Shoreline celebrates its 50th Anniversary


Shoreline is a community that has in many ways been defined by education and Shoreline Community College has been an integral part of the definition for 50 years.


“I’m very proud to be part of the heritage of this college and the communities it serves,” said Cheryl Roberts, who on Aug. 1, 2014 took over as the school’s ninth president. “I look forward to working with those communities to continue to serve their needs for the next 50 years and beyond.”


Administration building

While the classes started in 1964 and the campus opened in 1965, planning began years before.


 In early 1959, under the leadership of Ray W. Howard, then Superintendent of the Shoreline School District, the District Board of Directors and the administrative staff began to explore the feasibility of offering post-high school education in the district. A Citizens Advisory Committee was formed In March, 1960, to study the needs of the community and the structure and functions of a possible two-year college.  Howard organized school district administrative staff to assist the committee.

The committee’s report was submitted to the school board in October, 1961, with a strong recommendation that a community college offering the first two years of undergraduate college work and a technical-vocational program be established in the Shoreline area.  With report in hand, the effort to create Shoreline Community College was on a fast track. Just months later, in January, 1962, the district took advantage of the state’s extended secondary school provisions to offer some college-level courses. In March that same year, voters approved a levy and bond issue to provide the initial funding to buy a site and build a college.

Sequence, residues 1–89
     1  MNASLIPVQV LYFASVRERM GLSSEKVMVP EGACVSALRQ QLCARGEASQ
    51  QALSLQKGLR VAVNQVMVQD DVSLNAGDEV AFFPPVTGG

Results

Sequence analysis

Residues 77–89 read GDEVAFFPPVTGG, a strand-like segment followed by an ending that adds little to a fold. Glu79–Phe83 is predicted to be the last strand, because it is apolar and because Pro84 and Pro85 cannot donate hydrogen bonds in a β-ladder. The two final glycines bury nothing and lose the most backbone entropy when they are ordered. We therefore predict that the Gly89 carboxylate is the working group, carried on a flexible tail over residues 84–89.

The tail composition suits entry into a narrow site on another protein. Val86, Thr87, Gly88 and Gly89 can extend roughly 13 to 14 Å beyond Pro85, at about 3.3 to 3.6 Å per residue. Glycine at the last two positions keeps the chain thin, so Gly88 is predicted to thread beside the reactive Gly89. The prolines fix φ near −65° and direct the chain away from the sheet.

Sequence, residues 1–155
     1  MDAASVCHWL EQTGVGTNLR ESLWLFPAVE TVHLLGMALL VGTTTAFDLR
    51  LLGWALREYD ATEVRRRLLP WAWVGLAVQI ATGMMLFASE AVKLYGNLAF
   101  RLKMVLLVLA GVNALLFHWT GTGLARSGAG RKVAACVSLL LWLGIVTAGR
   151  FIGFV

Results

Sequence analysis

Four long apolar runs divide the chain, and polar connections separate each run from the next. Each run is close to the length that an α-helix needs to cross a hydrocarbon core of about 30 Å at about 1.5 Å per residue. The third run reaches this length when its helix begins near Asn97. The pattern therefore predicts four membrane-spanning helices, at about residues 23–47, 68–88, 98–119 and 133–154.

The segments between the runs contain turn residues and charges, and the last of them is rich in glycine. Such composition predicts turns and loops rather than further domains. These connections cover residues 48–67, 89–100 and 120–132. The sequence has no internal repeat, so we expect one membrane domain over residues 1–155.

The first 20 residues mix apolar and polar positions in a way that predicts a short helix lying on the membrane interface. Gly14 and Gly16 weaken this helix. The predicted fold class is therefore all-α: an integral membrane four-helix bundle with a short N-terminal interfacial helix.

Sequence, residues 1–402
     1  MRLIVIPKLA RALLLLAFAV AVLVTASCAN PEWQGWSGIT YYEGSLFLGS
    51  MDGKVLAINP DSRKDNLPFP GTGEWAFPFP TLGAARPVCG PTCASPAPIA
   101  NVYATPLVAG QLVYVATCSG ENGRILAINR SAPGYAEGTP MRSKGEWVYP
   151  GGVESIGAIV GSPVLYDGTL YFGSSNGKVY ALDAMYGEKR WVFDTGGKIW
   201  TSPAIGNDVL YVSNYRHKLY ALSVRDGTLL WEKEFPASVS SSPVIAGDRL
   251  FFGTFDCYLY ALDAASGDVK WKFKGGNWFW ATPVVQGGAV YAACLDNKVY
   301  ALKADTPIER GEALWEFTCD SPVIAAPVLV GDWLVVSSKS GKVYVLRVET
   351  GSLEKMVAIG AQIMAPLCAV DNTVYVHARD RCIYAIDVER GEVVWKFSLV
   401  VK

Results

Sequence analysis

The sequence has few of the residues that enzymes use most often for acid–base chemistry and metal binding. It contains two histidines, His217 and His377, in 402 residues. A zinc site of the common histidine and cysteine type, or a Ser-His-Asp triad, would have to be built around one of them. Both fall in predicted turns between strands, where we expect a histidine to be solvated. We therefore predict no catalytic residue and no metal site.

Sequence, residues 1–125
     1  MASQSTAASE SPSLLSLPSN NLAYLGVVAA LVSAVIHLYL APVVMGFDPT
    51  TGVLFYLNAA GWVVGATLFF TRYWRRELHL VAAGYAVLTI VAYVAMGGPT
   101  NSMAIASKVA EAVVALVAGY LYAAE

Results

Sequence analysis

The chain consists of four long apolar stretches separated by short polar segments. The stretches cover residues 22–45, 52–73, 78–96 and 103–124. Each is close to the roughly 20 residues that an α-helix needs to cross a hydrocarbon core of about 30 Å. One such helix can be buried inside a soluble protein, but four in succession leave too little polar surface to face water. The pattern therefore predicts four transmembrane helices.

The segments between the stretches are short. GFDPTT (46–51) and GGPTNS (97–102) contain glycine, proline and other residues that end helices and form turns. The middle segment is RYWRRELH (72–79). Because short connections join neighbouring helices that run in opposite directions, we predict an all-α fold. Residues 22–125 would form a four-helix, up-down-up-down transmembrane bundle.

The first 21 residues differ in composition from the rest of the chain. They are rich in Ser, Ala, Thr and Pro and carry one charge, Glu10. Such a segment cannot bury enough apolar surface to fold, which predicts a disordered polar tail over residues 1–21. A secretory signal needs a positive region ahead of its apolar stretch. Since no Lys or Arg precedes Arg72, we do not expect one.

construction worker

By May, 1962, the school district’s application was submitted to the State Board of Education for authorization to establish a community college and a Master Plan Program was approved in November, 1962.  The next summer, the State Board of Education granted authorization for Shoreline Community College and allocated $2.376 million in building funds and work began.


Not content to wait for the new campus, Shoreline Community College accepted 806 student applications and in January, 1964, began teaching classes in the evenings at Shoreline High School, now Shoreline Center.


In the fall of 1965, the new campus was ready for students.